Here’s something else to consider when it comes to communication – a good EA knows that real talk rules the day.

Remember, execs want to be able to bounce ideas off you or gauge your reaction to proposed solutions. But this only works if you stay true to your actual point of view.

Your boss doesn’t want a yes-man or yes-woman. She wants (and needs) to hear what you really think.

So keep it real. Executives can live in a bubble. It’s up to you to be their reality check from time to time.


Speed and Decisiveness

man and woman meeting with laptop

There’s no time for equivocation in the fast-paced world of the Executive Assistant. A good EA sums up the situation, gathers the necessary info, asks the right questions, and then most importantly, acts.

True, you’ll rarely have all the information you need. But it’s best to act quickly and confidently and move things forward rather than wait around for further clarity, or worse, permission.

Writing for the Muse, Decision Coach Nell McShane Wulfhart outlines 4 steps that help anyone make faster, smarter decisions. Here’s what Wulfhart says you should do when making an important decision:

“Get clear on what you really want.”

“Don’t choose something just because you’re “supposed to.”

“Remember that doing something trumps doing nothing.”

“Practice being decisive.”

Read the full post here.


Thick Skin and A Sense of Humor

woman on tablet in office

Here’s the thing. There’s no doubt that you have an important job, as does the executive with whom you work so closely day in and day out. You might have a hand in some pretty big decisions, ones that affect the future of your company and the livelihoods of the people you work with.

But at the end of the day, the odds are that most decisions won’t be life or death. It’s important to keep things in perspective and be able to laugh at yourself (and your boss) every once in awhile.

The ability to roll with the punches, reset after a bad day, and keep things in perspective are all essential to becoming a killer EA.




Remember the EA who scored impossible-to-find Lakers tickets? She tapped into her solid network to make magic. Without support, advice, and extra connections, the EA might not have been so successful; one can only accomplish so much asking for favors on Craigslist. When tasks grow to legendary proportions, it takes a village to accomplish them.

To build and maintain a strong support network, EAs have to cultivate amazing networking skills.

Here are some of our favorite networking tips and tricks:

  • Join as many Facebook and online groups as you can. These make perfect venues for quickly getting answers to difficult questions.
  • Use Meetup to build your own EA support group that gathers weekly.
  • If you often interface with any EAs at other companies, send them LinkedIn connection requests and invite them on casual coffee dates.
  • Pay it forward. If you’re browsing an online board or attending an event and hear of another EA in need, offer your services immediately. If you ever want to get support, be sure to give it generously.
  • Start a niche blog. Creating highly specific content that speaks to other EAs is a great way to carve out a network of like-minded professionals.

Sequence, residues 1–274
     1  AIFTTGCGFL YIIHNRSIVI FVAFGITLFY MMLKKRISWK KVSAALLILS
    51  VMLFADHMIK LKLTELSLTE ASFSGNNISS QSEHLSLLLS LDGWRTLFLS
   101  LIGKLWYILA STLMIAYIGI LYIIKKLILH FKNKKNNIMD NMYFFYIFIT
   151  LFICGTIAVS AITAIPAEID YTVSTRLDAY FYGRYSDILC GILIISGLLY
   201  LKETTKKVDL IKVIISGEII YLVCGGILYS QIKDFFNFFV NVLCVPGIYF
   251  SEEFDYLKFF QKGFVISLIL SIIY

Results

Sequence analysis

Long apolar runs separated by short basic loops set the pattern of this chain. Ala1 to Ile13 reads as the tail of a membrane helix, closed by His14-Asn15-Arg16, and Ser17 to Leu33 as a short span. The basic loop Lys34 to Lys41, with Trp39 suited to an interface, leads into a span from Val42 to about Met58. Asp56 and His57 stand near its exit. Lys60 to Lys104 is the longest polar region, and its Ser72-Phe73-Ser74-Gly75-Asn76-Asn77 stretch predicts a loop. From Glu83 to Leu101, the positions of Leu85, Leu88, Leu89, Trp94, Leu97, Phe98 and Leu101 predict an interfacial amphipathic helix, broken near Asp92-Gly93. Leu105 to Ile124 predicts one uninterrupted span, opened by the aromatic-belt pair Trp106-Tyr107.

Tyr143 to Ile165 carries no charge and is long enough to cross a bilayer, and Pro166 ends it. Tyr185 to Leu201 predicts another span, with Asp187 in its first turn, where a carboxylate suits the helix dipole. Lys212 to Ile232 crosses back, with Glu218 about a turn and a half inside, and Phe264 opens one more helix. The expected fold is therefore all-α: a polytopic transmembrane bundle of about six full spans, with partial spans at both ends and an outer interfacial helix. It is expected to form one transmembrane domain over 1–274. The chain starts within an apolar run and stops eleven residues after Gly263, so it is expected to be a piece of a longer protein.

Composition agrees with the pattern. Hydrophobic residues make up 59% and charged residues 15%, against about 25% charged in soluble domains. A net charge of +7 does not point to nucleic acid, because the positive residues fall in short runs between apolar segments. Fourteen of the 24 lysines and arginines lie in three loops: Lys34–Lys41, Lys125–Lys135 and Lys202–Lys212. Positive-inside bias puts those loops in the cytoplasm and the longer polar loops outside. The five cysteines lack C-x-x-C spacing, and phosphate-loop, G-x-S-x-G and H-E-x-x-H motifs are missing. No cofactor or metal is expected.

Negotiating Skills


Want to know what else the EA who scored impossible-to-find Lakers tickets did well? She used negotiating skills to nab tickets that everyone wanted.

Both an art and a science, negotiating mystifies many. It can seem like some people are just born with a certain je ne sais quoi that inspires others to do their bidding, and maybe they were. But more than likely, these people cultivated their impressive negotiating skills. You can too.

Santa Clara University has a fantastic resource page on developing negotiating skills. Here are some key takeaways:

  • Practice negotiating often, especially when nothing is at stake. Harvard Law School’s Program on Negotiation Teaching Negotiation Resource Center offers hundreds of simulations to get your practice going.
  • Put yourself in the other person’s shoes. How do they view the situation?
  • Consider the leverage on both sides. Do you have an even seesaw, or does it skew to one side? How can you skew it toward your side?
  • Toss out a “win” or “lose” mentality. After a good negotiation, everyone should walk away with something.


Analytics Skills


In the introduction, we mentioned that EA roles have been steadily growing more strategic. Keep up with the shifting expectations, and increase your ability to think strategically by building up analytical skills.

You can leverage a strong analytical skill set in any situation, from handling tricky social scenarios to making far-reaching company budget decisions. These skills turn solid employees into indispensable critical thinkers that always seem to have the answers.

To build more analytical thinking skills, the education experts at Udemy, an online learning platform, recommend a variety of simple steps. Here are some adapted takeaways:

  • Visualize your hypothetical actions and expand your thinking skills through thought experiments. When a real-world situation springs up, you’ll be ready to tackle it with your sharpened reasoning skills.
  • Evaluate the world through a logical lens. When you hear a statement or read a piece of news, consider if it could be proven or not. This practice aids in strategic decisions, and it trains your brain to supplement your decisions and ideas with evidence.
  • Question the numbers. Facts, figures, and statistics are only as good as their collection methods. Since many executives want numbers to back up decisions, it’s important that EAs know how to question sources. For example, if a report from a recent survey suggests that most employees would be happier if they had free coffee, you could ask about the sample size.  The numbers might seem significant, but if only 20 people out of a 500-person company actually took the survey, then the results might not tell a conclusive story after all.

What about you? What’s the one skill that has been most responsible for your success?

Anything we missed? Sound off in the comments below.